This kind of thing is not important compared to our Christian mission, the achievement gap, and bullying in schools, but it is important, especially for a school.  Until the Mavens of Style declare that you and me can do what we want with our pronouns, it is our obligation as a school to show the way and walk the correct talk.



Tuesday, February 17, 2015

A More Nuanced Conversation about Technology and Learning?

Note: We have just postponed the DLI Event until March 19 due to inclement weather. But I'm eager to push the conversation along, so I'm posting this now anyway.

I’m thinking that more Trinity parents heard Monday’s Diane Rehm Show than would normally be the case, since we had a holiday.  I was driving back from the State Swim Meet and turned it on.

Dame Susan Greenfield (a neuroscientist) was going on about how digital technologies are leaving their (mostly unwelcome) marks on our brains.  This week Trinity is bringing an Apple educator to promote our Digital Learning Initiative, and it occurred to me that these two events might be a sort of Point-Counterpoint: Trinity saying let’s enhance the digital experience of our young ones, Greenfield warning us to watch out.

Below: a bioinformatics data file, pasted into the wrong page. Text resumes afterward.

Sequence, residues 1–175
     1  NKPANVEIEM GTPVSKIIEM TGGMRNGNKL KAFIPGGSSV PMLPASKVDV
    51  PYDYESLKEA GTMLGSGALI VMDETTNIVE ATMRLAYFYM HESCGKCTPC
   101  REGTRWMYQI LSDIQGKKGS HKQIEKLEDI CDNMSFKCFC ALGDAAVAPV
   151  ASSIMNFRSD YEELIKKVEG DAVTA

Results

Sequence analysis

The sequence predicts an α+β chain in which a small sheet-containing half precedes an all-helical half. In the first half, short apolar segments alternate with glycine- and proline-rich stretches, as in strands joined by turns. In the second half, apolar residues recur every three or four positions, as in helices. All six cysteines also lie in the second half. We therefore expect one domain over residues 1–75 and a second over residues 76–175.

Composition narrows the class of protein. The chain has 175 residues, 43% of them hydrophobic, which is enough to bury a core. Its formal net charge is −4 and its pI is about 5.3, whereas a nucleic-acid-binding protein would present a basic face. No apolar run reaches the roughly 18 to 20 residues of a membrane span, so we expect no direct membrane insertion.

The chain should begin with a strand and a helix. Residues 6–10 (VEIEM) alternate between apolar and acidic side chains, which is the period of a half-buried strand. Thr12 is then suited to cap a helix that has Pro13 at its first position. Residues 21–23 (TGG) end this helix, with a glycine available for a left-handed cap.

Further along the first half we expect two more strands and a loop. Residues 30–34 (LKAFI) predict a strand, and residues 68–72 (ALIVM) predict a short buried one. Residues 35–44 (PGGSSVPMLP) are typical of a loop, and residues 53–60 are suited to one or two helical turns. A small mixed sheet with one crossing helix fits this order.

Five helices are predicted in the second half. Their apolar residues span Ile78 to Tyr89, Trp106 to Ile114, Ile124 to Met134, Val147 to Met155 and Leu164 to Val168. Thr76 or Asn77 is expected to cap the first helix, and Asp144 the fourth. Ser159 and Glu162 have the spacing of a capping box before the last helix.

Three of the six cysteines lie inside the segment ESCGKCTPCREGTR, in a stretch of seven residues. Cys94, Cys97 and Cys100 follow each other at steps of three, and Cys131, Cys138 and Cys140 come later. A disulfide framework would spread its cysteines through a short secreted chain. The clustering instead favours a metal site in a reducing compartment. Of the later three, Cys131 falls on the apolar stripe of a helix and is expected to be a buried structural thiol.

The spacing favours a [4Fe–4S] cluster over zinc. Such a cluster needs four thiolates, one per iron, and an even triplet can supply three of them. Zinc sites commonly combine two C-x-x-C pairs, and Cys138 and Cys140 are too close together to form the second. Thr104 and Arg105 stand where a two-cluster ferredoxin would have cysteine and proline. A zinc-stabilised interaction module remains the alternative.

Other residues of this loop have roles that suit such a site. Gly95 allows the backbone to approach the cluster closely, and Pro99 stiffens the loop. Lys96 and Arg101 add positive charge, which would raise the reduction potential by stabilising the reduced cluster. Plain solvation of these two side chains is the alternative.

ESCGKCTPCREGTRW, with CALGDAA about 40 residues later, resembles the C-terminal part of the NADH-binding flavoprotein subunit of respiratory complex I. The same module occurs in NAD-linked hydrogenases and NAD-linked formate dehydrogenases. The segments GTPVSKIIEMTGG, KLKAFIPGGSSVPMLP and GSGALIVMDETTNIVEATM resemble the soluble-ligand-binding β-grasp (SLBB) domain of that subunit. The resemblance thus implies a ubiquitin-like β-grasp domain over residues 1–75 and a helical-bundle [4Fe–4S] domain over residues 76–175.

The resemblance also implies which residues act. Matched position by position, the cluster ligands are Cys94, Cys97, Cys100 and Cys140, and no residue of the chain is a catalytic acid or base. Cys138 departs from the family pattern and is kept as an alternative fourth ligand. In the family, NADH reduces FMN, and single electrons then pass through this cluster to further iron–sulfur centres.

I have several thoughts about this, and the first is that this way of thinking about things is much too simple.  Dame Greenfield is not waving us off of technology, and Trinity is not unconcerned about the “unprecedented effects” of the digital world on young minds and souls.  A more nuanced conversation is what is needed, and that is what I hope we are having at Trinity. I know that the Apple educator who is coming is having those kind of conversations wherever she goes.

We have been reading things like Greenfield for years now.  I think it was three years ago that we held a faculty reading group that worked our way through Nicholas Carr’s The Shallows.  Carr’s book might be described as a fascinating exploration of the sometimes deleterious effects of digital experience on the brain by someone who knows he could not have learned what he wanted to say without the internet but could not have written without getting away from it.  Like I said, nuance is the key.  Anyway, my point is that Trinity went into this DLI with its eyes wide open to the challenges of raising attentive, courteous, empathetic, risk-taking, gritty kids in a digital age.